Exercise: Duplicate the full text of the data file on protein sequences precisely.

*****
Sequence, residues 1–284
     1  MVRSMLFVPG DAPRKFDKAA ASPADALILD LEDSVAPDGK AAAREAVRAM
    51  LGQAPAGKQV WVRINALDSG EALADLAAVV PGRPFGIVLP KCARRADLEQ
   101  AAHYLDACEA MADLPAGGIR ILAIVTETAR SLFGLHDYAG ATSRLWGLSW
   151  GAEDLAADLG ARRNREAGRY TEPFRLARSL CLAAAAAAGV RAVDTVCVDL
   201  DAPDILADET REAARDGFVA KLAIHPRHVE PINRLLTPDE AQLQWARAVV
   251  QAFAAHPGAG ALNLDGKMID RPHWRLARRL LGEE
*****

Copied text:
Sequence, residues 1–284
     1  MVRSMLFVPG DAPRKFDKAA ASPADALILD LEDSVAPDGK AAAREAVRAM
    51  LGQAPAGKQV WVRINALDSG EALADLAAVV PGRPFGIVLP KCARRADLEQ
   101  AAHYLDACEA MADLPAGGIR ILAIVTETAR SLFGLHDYAG ATSRLWGLSW
   151  GAEDLAADLG ARRNREAGRY TEPFRLARSL CLAAAAAAGV RAVDTVCVDL
   201  DAPDILADET REAARDGFVA KLAIHPRHVE PINRLLTPDE AQLQWARAVV
   251  QAFAAHPGAG ALNLDGKMID RPHWRLARRL LGEE